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Signalling and morphogenesis

The precise coordination of the many forces and growth factors acting upon embryonic tissues is required for the development of complex organs. We are interested in how intracellular signalling pathways are regulated during organogenesis. Many cell surface receptors use reversible tyrosine phosphorylation as a means of signal transduction. Studies in a number of biological systems have suggested that these signalling pathways are not merely ON/OFF switches but that subtle differences in signal strength and duration often result in profoundly different outcomes.

The broad aim of our research is to understand how intracellular signaling regulators of the Sprouty family are employed to coordinate morphogenesis of the cerebellum and pharyngeal pouches and how deregulated signalling leads to disease.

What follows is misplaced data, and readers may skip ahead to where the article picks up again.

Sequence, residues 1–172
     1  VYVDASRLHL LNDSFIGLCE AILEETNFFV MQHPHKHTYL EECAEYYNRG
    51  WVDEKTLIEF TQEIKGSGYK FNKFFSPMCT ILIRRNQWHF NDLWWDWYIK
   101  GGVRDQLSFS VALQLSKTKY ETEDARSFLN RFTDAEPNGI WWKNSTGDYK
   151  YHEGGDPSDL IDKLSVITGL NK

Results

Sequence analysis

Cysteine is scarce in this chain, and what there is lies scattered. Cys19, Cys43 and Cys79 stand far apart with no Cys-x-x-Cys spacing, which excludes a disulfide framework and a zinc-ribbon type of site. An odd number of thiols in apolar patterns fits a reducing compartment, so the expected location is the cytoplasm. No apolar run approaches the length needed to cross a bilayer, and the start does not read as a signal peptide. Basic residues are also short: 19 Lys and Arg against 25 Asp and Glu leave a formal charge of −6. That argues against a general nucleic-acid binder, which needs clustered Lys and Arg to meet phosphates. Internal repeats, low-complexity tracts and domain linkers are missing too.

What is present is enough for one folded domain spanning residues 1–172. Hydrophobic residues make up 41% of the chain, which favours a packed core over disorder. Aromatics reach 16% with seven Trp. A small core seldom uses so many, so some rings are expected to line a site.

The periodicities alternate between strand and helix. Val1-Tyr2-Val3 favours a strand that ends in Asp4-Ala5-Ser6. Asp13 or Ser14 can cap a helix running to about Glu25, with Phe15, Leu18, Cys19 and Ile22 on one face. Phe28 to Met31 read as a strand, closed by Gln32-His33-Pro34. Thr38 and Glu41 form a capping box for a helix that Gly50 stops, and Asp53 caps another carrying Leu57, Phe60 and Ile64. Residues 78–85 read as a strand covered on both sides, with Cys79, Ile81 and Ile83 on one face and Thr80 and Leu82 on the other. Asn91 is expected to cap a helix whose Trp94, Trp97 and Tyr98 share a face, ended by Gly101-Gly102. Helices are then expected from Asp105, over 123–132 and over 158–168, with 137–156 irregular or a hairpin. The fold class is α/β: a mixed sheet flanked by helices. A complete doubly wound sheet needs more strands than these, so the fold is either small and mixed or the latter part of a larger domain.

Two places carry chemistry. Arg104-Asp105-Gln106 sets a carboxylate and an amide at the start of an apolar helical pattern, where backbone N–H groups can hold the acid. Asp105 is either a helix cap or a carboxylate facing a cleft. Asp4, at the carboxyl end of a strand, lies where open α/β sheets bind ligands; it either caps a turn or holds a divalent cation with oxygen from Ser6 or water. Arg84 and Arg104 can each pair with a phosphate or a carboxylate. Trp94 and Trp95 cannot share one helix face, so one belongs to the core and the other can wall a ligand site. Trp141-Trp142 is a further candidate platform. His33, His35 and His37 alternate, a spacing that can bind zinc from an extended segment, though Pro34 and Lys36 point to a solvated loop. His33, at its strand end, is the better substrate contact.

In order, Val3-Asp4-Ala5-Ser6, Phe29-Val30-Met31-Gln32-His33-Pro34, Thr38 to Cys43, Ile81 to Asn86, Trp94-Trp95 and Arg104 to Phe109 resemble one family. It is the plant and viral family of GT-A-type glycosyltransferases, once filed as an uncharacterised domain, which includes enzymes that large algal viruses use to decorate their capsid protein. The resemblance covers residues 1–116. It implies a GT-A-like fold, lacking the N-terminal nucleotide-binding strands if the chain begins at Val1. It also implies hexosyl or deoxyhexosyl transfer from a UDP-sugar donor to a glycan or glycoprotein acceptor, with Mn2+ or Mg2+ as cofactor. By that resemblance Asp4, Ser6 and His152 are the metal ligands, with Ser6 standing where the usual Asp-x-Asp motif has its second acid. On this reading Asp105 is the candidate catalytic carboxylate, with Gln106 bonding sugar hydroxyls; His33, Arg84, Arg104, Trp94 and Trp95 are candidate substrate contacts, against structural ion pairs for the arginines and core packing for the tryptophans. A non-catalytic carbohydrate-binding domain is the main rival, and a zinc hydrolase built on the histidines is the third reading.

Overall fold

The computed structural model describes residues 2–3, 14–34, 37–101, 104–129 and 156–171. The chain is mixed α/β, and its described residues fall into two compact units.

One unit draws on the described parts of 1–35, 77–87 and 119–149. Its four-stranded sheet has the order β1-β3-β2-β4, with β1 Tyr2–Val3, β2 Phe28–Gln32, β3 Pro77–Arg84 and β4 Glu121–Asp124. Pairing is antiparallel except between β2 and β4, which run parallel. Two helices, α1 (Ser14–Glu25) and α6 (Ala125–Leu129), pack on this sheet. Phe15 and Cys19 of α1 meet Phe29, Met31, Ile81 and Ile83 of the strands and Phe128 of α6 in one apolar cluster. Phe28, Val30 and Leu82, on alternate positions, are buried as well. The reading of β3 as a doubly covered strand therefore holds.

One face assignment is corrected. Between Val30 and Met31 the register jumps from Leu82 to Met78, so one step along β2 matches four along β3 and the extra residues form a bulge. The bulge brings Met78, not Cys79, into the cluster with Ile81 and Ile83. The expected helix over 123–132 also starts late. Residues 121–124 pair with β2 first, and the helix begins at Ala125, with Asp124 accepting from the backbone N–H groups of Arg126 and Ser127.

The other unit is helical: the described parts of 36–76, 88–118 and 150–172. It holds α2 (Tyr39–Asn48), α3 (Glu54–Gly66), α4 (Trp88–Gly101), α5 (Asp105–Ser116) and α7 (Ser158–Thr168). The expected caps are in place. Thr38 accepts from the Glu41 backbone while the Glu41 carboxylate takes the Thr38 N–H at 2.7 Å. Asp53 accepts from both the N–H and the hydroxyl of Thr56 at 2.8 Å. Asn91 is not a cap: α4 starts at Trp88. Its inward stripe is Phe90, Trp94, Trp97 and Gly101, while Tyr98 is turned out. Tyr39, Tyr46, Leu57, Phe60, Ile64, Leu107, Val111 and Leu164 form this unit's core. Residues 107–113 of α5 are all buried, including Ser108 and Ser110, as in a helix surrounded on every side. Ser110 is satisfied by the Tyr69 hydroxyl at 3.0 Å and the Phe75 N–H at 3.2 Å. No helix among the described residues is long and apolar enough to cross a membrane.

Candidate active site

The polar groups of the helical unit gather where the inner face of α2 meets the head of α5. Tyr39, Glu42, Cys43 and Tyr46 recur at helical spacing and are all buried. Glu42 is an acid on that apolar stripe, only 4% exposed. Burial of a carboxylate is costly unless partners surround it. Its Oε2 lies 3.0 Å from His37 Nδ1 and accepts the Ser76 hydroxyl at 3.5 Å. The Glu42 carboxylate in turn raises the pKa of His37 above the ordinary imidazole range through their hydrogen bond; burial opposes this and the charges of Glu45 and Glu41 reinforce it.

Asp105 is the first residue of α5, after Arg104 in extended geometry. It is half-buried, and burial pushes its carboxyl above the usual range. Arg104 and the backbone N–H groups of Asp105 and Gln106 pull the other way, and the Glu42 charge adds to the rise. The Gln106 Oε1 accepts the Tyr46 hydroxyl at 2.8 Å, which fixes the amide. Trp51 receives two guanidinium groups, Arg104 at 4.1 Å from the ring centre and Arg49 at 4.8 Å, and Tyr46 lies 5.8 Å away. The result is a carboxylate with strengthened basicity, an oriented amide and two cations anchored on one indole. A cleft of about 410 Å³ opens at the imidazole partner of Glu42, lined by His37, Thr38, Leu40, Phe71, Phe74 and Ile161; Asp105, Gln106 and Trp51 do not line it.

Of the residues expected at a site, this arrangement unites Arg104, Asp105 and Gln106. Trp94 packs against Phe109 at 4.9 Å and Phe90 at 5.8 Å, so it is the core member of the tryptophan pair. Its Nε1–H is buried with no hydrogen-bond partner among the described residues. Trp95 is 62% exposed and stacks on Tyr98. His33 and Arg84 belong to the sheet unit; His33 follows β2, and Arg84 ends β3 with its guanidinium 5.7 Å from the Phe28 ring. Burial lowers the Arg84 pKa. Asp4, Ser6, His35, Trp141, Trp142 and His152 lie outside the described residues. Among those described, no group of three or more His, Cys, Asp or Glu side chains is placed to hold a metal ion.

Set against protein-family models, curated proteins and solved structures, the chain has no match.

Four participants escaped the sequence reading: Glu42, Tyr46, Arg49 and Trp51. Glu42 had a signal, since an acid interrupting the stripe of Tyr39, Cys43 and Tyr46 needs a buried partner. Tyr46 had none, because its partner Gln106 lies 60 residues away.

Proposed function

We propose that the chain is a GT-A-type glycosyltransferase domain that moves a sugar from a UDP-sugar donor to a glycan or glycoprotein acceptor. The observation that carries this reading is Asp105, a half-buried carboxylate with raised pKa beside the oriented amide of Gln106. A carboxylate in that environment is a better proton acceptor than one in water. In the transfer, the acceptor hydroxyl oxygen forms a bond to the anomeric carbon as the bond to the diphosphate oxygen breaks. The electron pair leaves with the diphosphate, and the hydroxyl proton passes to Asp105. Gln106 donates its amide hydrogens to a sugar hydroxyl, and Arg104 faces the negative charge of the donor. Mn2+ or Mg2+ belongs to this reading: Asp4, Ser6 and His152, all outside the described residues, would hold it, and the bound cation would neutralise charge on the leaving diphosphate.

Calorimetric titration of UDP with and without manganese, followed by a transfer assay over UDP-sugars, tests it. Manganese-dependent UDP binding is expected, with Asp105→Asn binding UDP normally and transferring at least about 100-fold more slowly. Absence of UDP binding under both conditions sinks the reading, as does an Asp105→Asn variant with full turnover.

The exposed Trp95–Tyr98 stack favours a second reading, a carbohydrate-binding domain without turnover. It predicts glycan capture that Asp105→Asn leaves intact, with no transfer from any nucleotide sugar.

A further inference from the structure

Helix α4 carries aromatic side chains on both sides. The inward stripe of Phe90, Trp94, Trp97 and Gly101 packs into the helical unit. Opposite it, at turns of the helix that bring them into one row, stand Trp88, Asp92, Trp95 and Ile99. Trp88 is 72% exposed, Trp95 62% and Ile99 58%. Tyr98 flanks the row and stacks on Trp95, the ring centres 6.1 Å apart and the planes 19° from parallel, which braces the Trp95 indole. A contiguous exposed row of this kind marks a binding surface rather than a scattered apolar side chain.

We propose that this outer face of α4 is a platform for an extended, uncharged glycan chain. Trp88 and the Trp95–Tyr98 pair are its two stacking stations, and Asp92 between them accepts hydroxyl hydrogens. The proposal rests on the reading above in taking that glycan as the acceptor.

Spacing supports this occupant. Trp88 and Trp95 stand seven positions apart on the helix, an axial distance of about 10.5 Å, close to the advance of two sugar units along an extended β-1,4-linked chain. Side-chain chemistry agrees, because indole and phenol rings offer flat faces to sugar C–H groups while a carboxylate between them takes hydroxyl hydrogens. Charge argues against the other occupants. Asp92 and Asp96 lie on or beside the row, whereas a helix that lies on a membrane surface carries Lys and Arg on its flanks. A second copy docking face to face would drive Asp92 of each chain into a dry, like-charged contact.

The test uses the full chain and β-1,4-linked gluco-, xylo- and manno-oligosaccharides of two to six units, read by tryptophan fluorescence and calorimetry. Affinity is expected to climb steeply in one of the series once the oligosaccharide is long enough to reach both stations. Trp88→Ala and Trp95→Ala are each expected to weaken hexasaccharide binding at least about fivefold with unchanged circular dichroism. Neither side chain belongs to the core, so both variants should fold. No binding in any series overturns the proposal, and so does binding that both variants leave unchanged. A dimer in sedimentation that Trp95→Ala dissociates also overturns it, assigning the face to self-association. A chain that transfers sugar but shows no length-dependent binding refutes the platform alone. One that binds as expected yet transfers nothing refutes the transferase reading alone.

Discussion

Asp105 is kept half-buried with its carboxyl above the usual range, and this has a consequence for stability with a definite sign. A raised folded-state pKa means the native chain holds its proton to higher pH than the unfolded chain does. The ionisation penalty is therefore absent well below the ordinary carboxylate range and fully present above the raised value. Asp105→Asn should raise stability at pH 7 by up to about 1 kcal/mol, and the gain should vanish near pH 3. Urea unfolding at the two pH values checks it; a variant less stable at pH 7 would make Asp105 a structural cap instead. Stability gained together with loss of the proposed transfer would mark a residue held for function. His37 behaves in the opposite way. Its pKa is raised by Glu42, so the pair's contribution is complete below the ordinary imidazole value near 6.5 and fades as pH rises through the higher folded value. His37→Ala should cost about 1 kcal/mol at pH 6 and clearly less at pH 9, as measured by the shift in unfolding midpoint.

Cerebellar morphogenesis: The cerebellum is the brain’s control centre for motor coordination and defects in cerebellar development are often associated with ataxia or medulloblastoma, the most common type of childhood cancer. We are interested in how the cerebellum is constructed during embryonic and early postnatal development. Studies on conditional mid-hindbrain-specific Sprouty mutants have shown that these genes play important roles during postnatal cerebellar morphogenesis and we are investigating this process using inducible, conditional gene inactivation approaches in vivo.

Supported by the Wellcome Trust

Thymus organogenesis, pharyngeal pouch patterning and DiGeorge syndrome: Our recent experiments have indicated that several essential organs such as the thymus, parathyroid, middle ear and cranial sensory ganglia that develop wholly or in part from the pharyngeal apparatus exhibit multiple defects in Sprouty mutant mice. These same organs are affected in 22q11 deletion or DiGeorge syndrome and we are investigating the molecular and developmental basis of these defects in mouse embryos.

Supported by the Medical Research Council